|About the presenter: Patty Walton received her Master of Arts in Speech Pathology from the University of Colorado at Boulder in 1985. She is the co-owner of the Center for Stuttering Therapy in Denver, and exclusively with adults and children who stutter. She teaches the graduate fluency class at the University of Northern Colorado in Greeley and the under-graduate class at Metropolitan State College of Denver. She is the co-author of Fun with Fluency and has just finished its school age counterpart, yet to be titled. She is a Board Recognized Fluency Specialist.|
Direct treatment of early childhood stuttering provides the child with tools to help them speak more fluently (easy speech, smooth speech or stretchy talk) and in some cases stutter more easily (bouncy talk). While these tools are the cornerstone of early treatment, we should also consider ways in which we can help the child feel better about talking, thereby minimizing the development of negativity. Of course, verbal praise such as "You said that so easily" or "You are so good at talking!" is helpful in building positive thoughts about communicating. But we can go beyond verbal praise to help the child feel special, as well as empowered over their stuttering, and positively impact therapy success. In this clinical nugget, I would like to share with you three ways I help young children feel good about talking.
One of my favorite ways to encourage such empowerment is to talk to kids about their "speech muscle". I ask them to flex their arms and I feel their muscles, then I make a big deal about how strong their speech muscle is getting. Throughout therapy, I refer to the child's speech muscle in many different contexts, such as, "Show me your speech muscle", "Where is your speech muscle", "Your speech muscle is SO big!", or "Look at how strong your speech muscle has gotten!" Children are so proud to show mommy and daddy their speech muscle when their therapy session is done!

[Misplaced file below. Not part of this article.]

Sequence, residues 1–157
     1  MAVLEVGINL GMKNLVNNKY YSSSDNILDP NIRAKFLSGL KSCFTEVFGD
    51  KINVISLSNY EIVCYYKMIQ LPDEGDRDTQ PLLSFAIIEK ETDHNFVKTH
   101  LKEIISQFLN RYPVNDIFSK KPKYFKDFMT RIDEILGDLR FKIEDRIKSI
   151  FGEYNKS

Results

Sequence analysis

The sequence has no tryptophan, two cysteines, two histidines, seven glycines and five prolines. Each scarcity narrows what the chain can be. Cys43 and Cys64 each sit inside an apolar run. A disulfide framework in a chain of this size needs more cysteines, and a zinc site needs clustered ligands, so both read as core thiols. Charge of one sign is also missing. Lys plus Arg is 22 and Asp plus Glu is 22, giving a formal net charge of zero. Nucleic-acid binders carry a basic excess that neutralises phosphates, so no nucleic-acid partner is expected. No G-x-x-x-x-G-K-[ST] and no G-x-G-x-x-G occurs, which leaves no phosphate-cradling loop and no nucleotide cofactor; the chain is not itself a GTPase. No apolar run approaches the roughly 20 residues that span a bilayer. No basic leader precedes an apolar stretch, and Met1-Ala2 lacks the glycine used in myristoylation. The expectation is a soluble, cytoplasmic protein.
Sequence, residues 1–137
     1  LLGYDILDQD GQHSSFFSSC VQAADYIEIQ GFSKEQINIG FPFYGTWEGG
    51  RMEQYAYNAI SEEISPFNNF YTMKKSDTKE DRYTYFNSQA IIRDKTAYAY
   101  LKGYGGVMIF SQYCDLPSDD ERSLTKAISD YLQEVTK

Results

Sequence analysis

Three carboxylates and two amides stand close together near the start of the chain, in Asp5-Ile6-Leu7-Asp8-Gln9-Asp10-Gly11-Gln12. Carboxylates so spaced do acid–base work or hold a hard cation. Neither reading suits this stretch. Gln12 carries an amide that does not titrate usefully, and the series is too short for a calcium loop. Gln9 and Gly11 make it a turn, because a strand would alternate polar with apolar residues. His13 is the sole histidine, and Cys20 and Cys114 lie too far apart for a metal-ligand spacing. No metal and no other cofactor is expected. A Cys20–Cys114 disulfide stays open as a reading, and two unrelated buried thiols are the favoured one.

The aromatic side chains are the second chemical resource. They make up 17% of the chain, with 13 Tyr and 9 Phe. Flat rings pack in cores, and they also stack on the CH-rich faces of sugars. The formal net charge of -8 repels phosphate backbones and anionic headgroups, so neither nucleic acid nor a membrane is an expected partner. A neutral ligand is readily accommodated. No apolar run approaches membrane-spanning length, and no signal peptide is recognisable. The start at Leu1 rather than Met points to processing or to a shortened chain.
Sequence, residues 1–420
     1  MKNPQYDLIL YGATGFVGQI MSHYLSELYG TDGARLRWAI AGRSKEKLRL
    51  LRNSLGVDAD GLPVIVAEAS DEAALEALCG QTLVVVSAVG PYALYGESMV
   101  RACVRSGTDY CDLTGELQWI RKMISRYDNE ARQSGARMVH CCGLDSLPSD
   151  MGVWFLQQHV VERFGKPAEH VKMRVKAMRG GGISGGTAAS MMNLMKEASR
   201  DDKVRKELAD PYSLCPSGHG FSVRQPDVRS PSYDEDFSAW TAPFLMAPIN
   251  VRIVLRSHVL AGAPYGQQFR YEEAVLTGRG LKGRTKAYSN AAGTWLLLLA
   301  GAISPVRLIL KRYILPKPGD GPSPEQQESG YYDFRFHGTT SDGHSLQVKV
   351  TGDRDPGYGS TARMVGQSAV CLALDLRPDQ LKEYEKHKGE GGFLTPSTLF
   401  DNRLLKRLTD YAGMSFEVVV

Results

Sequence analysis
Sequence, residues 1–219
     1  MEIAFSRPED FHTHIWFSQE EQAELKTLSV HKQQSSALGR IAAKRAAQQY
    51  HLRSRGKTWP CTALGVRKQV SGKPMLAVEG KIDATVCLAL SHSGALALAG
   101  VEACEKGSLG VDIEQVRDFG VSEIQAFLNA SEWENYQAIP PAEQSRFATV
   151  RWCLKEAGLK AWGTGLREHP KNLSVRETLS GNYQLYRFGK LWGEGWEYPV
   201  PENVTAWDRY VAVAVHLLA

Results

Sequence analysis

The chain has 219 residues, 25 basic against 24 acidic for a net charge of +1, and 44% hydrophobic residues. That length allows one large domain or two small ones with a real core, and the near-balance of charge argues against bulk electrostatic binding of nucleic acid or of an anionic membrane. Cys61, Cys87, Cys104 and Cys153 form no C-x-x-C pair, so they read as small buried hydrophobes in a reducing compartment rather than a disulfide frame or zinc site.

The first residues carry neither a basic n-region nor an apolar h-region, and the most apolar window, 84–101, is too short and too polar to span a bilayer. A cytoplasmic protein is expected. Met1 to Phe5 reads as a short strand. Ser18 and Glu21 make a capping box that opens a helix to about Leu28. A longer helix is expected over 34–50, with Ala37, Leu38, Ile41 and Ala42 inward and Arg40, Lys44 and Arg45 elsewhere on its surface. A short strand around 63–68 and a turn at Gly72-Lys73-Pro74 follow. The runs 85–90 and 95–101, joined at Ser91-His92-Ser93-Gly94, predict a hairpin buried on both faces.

Next, when young children use their speech tools in therapy, (easy talk or bouncy talk), they are Speech Rangers. We have a special speech ranger high five and they know that no one else in their family can be a speech ranger but them! They liken being a speech ranger to Spiderman and other super heroes, sometimes insisting that nobody can know they have "special talking powers"!
And finally, children love to be told that they are doing better easy speech than me. I often tell children quietly, "Don't do better easy speech (or bouncy speech) than me, mommy is listening and what will she think? I am the speech teacher!" Or I may tell the child "Today is my day to beat your easy talk, you never let me do it the best" or "You can't be the speech teacher, I am the speech teacher. No fair!"
When children feel better about talking they are less likely to develop negative attitudes and feelings which often play a role in the progression of the disorder. In our therapy we should strive for this, because all children who stutter deserve to feel good about talking.
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